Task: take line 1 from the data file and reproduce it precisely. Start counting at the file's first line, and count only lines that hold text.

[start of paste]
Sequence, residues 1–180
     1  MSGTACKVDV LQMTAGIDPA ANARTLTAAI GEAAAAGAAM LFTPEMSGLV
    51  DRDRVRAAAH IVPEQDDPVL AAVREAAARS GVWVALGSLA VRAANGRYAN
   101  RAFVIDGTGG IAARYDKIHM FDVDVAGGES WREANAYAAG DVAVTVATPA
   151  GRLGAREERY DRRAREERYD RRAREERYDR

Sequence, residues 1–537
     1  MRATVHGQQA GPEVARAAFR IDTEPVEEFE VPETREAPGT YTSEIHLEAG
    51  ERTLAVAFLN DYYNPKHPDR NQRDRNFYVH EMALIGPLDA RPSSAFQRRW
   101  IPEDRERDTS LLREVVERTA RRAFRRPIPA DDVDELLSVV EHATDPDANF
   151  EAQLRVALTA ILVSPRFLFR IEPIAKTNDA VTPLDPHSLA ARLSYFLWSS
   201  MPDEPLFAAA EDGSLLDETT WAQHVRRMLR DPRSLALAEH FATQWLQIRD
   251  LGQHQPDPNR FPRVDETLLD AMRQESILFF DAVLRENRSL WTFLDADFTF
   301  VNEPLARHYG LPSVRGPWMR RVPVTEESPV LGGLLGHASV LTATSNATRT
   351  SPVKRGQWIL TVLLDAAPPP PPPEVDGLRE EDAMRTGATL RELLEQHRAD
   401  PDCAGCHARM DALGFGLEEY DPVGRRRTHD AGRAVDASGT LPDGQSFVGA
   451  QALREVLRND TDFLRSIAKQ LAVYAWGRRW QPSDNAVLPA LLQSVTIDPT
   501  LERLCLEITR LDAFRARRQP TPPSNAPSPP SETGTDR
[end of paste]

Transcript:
Sequence, residues 1–180